Sunday, February 24, 2008

let's kamakura!

Last weekend I went to Yokote's kamakura festival, for which a few parts of the town are filled with igloo-like snow huts. Friendly locals manned the huts (very homey inside!) to serve visitors snacks and drinks. There were also tons of mini-igloos filled with candles on the riverbank in the city, but unfortunately it was snowing so hard that night, pics of that magical scene did not come out. All in all it was quite fun, and something I had been looking forward to as it was one of the first things I heard about Akita before I came. The best part of the festival was definitely sliding down a big curvy snowslide on trash bags with my fellow honjoites at the end of the night after all the kiddies had gone home.

it's a kamakura!

an inside look...surprise! you have to take off your shoes.

a small shrine kamakura

we finally made it inside one! amelie, jon, owen, cathy and edel

I was very disappointed when I discovered this snow sculpture was not a rabbit, as I had hoped from afar, but pikachu

edel took amelie for a sleigh ride through the wonderland of snow

Aomori, the province north of akita, is said to have the best apples in japan. I think these are some of theirs, with kanji carved in for fun.

My favorite picture from the festival! A random baby positioned into a mickey sculpture for photo opps! genius.

(thanks edel for the pics!)

Also, this weekend, at my school enkai, I was invited to participate in the Shinto prayer ceremony prior to the party which included drinking the "sake of god" presented by a shinto priest. I'm not such a sake fan, but it was quite delicious! At the party I talked to several teachers about the 3rd year students and the process of getting into high schools. I cannot believe the stress the kids, parents, and teachers go through. A while back all the kids took interview tests as part of the entrance exams for the more academic high schools, but only a handful are admitted based on those scores alone; most everyone has to take the comprehensive written test as well, which is coming up. And I am sure this test would put my little old Our Lady of Lourdes "impossible to fail" entrance test to shame. Graduation is in a couple weeks and I've realized I'm going to miss the sannenseis, they were definitely the students I got to know best as individuals, and I'll be sad to see them leave. Of course, I have my incoming first years, half of which will be the naughty 6th graders from my elementary school, to look forward to!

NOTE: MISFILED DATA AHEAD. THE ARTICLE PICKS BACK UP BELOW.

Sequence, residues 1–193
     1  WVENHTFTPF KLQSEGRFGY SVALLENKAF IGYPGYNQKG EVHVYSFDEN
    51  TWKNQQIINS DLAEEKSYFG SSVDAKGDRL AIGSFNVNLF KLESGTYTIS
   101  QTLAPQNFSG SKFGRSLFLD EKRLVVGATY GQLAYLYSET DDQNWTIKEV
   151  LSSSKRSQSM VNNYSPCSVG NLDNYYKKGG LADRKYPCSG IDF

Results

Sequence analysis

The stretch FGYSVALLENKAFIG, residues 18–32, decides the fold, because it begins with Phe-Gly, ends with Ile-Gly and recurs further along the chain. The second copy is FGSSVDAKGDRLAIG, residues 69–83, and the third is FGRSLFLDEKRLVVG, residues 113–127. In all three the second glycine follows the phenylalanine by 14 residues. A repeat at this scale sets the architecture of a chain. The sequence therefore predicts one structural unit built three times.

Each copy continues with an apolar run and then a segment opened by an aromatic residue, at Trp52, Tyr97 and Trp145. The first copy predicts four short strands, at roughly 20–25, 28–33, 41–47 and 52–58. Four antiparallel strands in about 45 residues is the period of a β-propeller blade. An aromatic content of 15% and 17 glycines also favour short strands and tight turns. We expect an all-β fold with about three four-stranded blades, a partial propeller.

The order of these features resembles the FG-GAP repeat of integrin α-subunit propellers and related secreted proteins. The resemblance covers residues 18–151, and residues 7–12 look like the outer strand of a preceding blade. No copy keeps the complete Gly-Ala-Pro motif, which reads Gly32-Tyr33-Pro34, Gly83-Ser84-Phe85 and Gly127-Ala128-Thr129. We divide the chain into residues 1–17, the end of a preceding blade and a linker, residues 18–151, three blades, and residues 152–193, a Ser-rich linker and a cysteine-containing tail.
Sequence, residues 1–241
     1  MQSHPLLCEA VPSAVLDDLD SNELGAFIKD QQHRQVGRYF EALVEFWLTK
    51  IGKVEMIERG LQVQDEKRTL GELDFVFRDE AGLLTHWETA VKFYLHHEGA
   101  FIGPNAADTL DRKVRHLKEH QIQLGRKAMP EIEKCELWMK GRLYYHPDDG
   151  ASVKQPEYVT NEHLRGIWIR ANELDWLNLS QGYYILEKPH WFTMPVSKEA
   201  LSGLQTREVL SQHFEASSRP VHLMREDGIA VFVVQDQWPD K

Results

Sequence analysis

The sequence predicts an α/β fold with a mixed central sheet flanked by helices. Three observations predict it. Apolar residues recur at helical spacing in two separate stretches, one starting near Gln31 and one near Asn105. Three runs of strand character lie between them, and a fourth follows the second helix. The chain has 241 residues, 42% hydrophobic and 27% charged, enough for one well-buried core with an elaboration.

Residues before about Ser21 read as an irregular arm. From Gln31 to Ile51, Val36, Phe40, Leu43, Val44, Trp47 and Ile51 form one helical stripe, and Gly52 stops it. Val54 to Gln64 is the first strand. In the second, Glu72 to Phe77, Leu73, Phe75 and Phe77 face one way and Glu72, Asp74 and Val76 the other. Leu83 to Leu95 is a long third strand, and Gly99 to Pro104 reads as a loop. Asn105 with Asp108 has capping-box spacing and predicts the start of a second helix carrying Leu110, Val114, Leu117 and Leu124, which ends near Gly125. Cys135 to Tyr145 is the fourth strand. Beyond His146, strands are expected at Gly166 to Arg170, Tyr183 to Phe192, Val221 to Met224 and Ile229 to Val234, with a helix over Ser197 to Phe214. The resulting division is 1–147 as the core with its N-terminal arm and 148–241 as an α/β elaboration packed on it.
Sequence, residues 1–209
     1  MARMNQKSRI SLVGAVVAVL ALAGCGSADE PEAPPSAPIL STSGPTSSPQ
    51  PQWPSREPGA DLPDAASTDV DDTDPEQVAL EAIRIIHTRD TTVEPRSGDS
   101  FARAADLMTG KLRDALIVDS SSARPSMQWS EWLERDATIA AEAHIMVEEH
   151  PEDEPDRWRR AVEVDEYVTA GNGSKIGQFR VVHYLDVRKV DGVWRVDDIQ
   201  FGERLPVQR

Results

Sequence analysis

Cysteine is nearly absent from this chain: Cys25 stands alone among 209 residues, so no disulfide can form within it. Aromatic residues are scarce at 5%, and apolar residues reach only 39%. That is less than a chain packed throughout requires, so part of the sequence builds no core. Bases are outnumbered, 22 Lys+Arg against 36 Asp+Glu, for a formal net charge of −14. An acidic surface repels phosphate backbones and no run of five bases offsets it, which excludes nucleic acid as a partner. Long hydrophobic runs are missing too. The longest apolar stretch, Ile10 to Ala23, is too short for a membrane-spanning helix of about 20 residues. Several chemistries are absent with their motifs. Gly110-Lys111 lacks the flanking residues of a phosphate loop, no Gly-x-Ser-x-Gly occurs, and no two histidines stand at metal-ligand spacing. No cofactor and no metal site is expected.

Natalie said...

try four year olds having panic attacks when going on their admissions interviews, which along with psychological testing determines which kindergarten they get into (which ultimately determines whether they get into harvard or not).

sophiesaffron said...

i know, i know. You should probably quit (and move to Japan) in protest of that crazy system.